New and lavish offices, many of which are now under occupied, have been built on the belief that the oil price would not fundamentally change. Working smarter and recognising that every new project does not need to start from a green field thought process should be the norm not the exception. Utilising existing and proven methods, in conjunction with existing designs are cost effective and usually more reliable. Re-inventing the wheel which requires longer lead times and greater investment has been part of industry life.

This is not the first time that the UK has endeavoured to reduce costs. In the 1990s, we had the CRINE initiative (Cost Reduction in the New Era). This was heavily promoted by companies and government bodies and was followed by further schemes to keep costs low and share information. Sadly, when oil price rises, memories are short.

Another scheme is PILOT which was established some years ago and evolved from the Oil & Gas Task Force. PILOT facilitates the partnership between the UK oil and gas industry and Government. It did not foresee the problems of low oil price and was as unprepared as the industry for the dramatic changes caused by the price slump.

Contractors also need to recognise that they are part of the equation and need to reduce prices if they wish to retain their workforce. One industry professional speculated that “prices in Aberdeen need to fall by between 30% and 40% for the industry to keep working”. The service industry has also been shedding staff while it reassesses the true need for resource against client requirements. The operators and partners need to work closely together to achieve the optimum development and recognise that both need to make a profit to remain in business. It is within this area of collaboration and co-operation that significant cost savings will be found.


As the following graph shows (Fig 3), UK production has been declining for some years. However, in 2015/16 production is expected to increase slightly.

How long can significant production continue as the decommissioning of older and non-profitable fields starts to impact the nation’s supply?

The danger for the near-term future is that new developments will be stalled or shelved until prices rise again, thus causing significant dips in production.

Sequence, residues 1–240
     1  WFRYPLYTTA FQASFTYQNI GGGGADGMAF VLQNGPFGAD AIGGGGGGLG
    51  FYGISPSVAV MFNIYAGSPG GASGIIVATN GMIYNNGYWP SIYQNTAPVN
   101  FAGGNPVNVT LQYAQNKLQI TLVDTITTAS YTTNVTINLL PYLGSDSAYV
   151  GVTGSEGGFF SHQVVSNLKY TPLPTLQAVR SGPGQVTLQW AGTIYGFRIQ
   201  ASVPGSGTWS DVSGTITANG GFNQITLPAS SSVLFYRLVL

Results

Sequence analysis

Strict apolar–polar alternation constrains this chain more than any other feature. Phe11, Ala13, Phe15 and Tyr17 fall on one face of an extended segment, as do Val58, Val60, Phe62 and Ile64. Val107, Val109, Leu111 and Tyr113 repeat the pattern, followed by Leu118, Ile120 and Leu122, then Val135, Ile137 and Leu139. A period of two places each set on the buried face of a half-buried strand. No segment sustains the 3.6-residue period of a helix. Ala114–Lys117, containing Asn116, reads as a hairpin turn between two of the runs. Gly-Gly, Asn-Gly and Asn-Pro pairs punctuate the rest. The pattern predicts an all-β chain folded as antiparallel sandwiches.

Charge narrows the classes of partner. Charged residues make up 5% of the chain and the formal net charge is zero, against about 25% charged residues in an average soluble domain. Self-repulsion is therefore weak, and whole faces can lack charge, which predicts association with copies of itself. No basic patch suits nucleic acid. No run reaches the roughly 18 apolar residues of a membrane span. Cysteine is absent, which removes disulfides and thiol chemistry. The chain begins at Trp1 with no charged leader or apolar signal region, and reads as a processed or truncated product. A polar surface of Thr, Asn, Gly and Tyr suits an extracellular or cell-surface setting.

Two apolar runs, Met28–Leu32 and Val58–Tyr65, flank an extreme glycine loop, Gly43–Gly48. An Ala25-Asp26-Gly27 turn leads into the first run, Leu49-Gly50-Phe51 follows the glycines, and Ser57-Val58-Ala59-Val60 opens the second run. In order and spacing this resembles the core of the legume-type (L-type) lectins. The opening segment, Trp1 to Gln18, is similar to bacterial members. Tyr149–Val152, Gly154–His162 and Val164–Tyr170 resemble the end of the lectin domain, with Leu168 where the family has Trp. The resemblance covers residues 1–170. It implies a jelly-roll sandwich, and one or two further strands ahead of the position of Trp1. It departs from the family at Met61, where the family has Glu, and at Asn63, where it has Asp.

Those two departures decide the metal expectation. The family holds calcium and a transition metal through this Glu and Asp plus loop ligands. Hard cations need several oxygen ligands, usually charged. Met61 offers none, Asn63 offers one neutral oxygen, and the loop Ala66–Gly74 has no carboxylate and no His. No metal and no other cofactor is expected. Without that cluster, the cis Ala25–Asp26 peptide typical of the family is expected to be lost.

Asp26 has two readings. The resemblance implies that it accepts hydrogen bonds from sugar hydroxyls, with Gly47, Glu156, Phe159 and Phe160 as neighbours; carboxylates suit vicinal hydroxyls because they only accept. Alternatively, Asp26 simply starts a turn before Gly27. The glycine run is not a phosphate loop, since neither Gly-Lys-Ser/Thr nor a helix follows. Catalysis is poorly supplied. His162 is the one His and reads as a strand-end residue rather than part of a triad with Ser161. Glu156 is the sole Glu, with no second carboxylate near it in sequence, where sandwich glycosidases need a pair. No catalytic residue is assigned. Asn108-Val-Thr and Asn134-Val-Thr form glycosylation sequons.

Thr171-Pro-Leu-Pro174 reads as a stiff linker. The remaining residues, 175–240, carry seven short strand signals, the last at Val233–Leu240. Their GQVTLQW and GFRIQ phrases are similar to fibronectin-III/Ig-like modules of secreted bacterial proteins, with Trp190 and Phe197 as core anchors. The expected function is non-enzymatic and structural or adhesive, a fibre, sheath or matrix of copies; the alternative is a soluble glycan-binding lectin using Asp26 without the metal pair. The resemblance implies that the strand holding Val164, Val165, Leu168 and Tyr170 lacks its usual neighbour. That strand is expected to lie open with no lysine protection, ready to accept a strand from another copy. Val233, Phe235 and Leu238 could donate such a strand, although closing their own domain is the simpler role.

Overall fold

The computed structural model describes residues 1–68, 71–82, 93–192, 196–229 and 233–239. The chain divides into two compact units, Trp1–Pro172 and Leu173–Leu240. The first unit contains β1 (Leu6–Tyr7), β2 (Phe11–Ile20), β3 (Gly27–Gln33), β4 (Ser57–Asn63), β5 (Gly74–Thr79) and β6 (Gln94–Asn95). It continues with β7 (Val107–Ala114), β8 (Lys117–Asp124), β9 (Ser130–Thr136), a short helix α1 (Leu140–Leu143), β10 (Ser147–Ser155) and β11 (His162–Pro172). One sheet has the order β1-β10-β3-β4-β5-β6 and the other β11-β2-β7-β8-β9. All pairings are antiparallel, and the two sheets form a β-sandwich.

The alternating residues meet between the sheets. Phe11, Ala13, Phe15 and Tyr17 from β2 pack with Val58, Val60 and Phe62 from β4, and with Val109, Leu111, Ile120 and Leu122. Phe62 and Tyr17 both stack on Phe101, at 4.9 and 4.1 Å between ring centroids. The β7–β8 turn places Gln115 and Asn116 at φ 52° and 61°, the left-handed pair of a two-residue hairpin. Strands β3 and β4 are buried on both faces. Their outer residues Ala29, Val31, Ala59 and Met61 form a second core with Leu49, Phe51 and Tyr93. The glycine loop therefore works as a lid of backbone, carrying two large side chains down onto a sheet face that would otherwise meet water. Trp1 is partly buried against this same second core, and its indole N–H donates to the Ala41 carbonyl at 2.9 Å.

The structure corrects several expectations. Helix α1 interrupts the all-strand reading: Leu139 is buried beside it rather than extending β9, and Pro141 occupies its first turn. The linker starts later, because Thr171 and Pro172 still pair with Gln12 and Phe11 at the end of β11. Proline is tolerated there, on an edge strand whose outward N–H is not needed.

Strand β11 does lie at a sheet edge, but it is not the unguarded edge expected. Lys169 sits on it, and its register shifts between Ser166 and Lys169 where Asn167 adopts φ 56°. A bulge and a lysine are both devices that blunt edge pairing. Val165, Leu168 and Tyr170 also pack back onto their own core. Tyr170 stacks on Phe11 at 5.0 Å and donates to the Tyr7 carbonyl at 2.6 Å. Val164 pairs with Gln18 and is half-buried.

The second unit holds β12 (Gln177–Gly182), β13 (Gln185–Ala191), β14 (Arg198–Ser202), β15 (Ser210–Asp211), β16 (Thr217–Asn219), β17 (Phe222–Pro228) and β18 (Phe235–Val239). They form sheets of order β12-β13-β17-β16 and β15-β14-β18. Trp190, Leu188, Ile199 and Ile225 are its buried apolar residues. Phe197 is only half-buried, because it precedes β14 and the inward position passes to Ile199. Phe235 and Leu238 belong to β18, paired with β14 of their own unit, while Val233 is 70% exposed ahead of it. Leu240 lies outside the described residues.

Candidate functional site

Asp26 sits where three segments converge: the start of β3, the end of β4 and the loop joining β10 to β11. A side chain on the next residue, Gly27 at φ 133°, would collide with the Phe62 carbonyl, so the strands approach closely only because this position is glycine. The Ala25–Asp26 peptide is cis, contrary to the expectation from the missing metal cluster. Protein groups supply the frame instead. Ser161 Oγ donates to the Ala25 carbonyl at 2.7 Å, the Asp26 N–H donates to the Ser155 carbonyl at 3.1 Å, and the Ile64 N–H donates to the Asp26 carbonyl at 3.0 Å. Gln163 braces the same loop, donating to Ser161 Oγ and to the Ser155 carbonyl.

As the infrastructure of many of the older fields reach the end of planned life and maintenance costs increase, operators need to look to new technology and ‘best in class’ operations to reduce costs and maintain or raise production. The Wood report stated that operators needed to explore ways of extracting the maximum from each field and the OGA is looking for operators who will maximise economic recovery – so, every option must be explored and shared with others to bring about the changes required for a stronger industry that meets the challenges of the low oil price environment.

In some cases, smaller operators could look to:

(i) Merge operations where assets are in close proximity thus reducing costs

(ii) Develop smaller fields ‘smarter’

(iii) Monetise stranded assets by providing easy, economic access to infrastructure

The above actions could reduce waste, maximise recovery and keep some of the smaller fields producing profitably. To promote this idea would need significant co-operation at board level to ensure that the new entities have the best people leading their growth.

On the subject of infrastructure access, perhaps the newly established Oil & Gas Authority (OGA) should be the arbiter to persuade companies to share, at economic prices, their facilities, thus enabling longer term production with lower costs. This could have the effect of extending the life of some fields as well as bringing on-stream ‘stranded’ fields that would otherwise remain dormant.

In a white paper published by the Offshore Network, it identified that there were over two billion metric tons (c.14 billion barrels) of oil remaining in reservoirs of produced and producing fields on the UKCS. These figures are derived from numbers published by DECC stating that average oil recovery was 66% and that 3.3 billion metric tons had been produced between 1975 and 2013.

If the industry, in collaboration with the service sector, could increase recovery (cost effectively) by small percentages, this would improve levels of production. This is where effective reservoir management and surveillance combined with production optimization and EOR projects could make a real difference.

However, it should also be noted that, if new fields are to come on-stream over the next decade, then exploration activity must continue. The danger of the low oil price environment is that exploration drilling will slow or stop resulting in the pipeline for potential new fields being empty. This will inevitably cause a ‘mad –dash’ when prices start to rise and repeat the boom and bust cycle of the oil industry.